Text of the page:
Child bullying highlighted as global problem in new UN report

A new report on the global problem of bullying produced by the Special Representative of the Secretary-General (SRSG) on Violence against Children, Marta Santos Pais, will be presented today to the UN General Assembly in New York. The report and it's complementing publication Ending the Torment: tackling bullying from the schoolyard to cyberspace represents an important step in formal international consideration of the widespread child rights problem of bullying, and includes evidence from the Young Lives research study.

Bullying – online or in person – is a serious global problem affecting high percentages of children. It undermines child physical and emotional health, well-being and school achievement. However, until recently much research and evidence has been lacking from low- and middle-income countries. A central theme of the report is the urgent need for high quality evidence to support improved policy and practice. 

New longitudinal data from developing countries

Young Lives has been collaborating with UNICEF Innocenti on research that feeds into the wider UN report. Experiences of Peer Bullying among Adolescents and Associated Effects on Young Adult Outcomes, by Kirrily Pells, María José Ogando, and Patricia Espinoza Revollo  is based on the experiences of 12,000 children in Ethiopia, India, Peru and Vietnam. It shows how being bullied at the age of 15 is associated with negative effects on resiliency, self-esteem and interpersonal relationships later in life. The most commonly reported forms of bullying found in the Young Lives sample were humiliation, social exclusion and verbal taunting. Gender was found to be an important factor with boys at significantly greater risk of physical and verbal bullying, while girls experienced more indirect and relational bullying.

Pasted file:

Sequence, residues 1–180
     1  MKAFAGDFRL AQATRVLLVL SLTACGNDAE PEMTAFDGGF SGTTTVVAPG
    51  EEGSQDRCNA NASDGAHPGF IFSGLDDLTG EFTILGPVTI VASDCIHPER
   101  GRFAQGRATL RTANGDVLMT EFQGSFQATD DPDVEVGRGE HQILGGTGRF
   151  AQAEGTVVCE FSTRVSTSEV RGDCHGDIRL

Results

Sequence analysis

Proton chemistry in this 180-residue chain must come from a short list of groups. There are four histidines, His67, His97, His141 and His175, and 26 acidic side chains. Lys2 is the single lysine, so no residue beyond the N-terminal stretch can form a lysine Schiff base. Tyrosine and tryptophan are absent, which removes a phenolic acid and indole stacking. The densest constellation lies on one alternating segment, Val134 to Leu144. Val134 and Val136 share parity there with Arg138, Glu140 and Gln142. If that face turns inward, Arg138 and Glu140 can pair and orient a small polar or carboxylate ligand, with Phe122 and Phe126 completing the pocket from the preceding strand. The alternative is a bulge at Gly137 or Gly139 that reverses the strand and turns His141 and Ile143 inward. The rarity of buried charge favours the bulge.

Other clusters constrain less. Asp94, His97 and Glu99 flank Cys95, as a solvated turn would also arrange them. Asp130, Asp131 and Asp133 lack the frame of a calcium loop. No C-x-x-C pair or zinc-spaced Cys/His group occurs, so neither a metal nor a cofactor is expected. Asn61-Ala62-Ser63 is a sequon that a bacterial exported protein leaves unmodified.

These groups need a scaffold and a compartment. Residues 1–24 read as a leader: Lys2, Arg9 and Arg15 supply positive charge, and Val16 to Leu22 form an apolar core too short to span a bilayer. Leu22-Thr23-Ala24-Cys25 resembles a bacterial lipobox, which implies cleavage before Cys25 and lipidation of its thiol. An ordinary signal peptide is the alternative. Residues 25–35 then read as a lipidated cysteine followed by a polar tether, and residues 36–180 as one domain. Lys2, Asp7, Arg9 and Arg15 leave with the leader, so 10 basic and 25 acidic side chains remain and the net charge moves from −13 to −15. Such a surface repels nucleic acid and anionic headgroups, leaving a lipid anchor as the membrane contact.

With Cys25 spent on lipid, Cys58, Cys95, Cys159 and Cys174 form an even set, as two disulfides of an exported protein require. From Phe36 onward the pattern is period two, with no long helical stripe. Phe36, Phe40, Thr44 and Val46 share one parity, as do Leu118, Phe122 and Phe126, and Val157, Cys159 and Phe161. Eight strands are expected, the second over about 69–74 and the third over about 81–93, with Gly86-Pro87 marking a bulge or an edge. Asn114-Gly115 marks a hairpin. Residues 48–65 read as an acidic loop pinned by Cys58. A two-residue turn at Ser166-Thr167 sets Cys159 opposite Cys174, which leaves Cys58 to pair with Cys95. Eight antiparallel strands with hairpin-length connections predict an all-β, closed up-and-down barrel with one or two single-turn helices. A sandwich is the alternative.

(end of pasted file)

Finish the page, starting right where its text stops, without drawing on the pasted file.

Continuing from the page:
Children from poor families and out-of-school children were consistently found to experience higher rates of bullying.

“Longitudinal studies are our best tool to understand how we are affected by the constant change that defines children's lives,” said Mary Catherine Maternowska, lead researcher on violence affecting children at Innocenti. 

“We can go beyond a ‘snapshot’ view to see how experiences in childhood may affect later outcomes. This expands our understanding of both resilience and vulnerability; it is the power of Young Lives’ approach.”

As a contribution towards UNICEF Innocenti’s Multi-Country Study on the Drivers of Violence Affecting Children, the discussion paper looks at how structural factors interact to affect everyday violence, including bullying, in different contexts - children’s homes, schools and communities - informing national policies for violence prevention. The study also illuminates the gender dimension of bullying, examining the ways boys and girls are affected by different types of bullying at different ages, taking into account norms regarding socially acceptable behaviours for boys and girls. 

The paper concludes that the wider social context of bullying can be a critical yet often missing element of prevention efforts, highlighting how bullying often occurs in complex settings where other forms of violence are also present. 

Peer bullying has often lagged behind other forms of violence affecting children in global child protection advocacy, leading to the risk of underestimating the long-term impact on the lives of victims and perpetrators. 

UN General Assembly resolution 69/158 on bullying, together with the 2030 Sustainable Development Goals, with specific targets on the protection of children from violence, abuse and exploitation, may comprise an important new foundation for progress in protecting children from bullying. 

With new evidence confirming the global scope, as well as the emergence of new forms - such as cyberbullying and discriminatory bullying targeting minority and immigrant children - there is urgent need for better data collection, increased resource allocation and development of effective prevention models, including for low- and middle-income countries.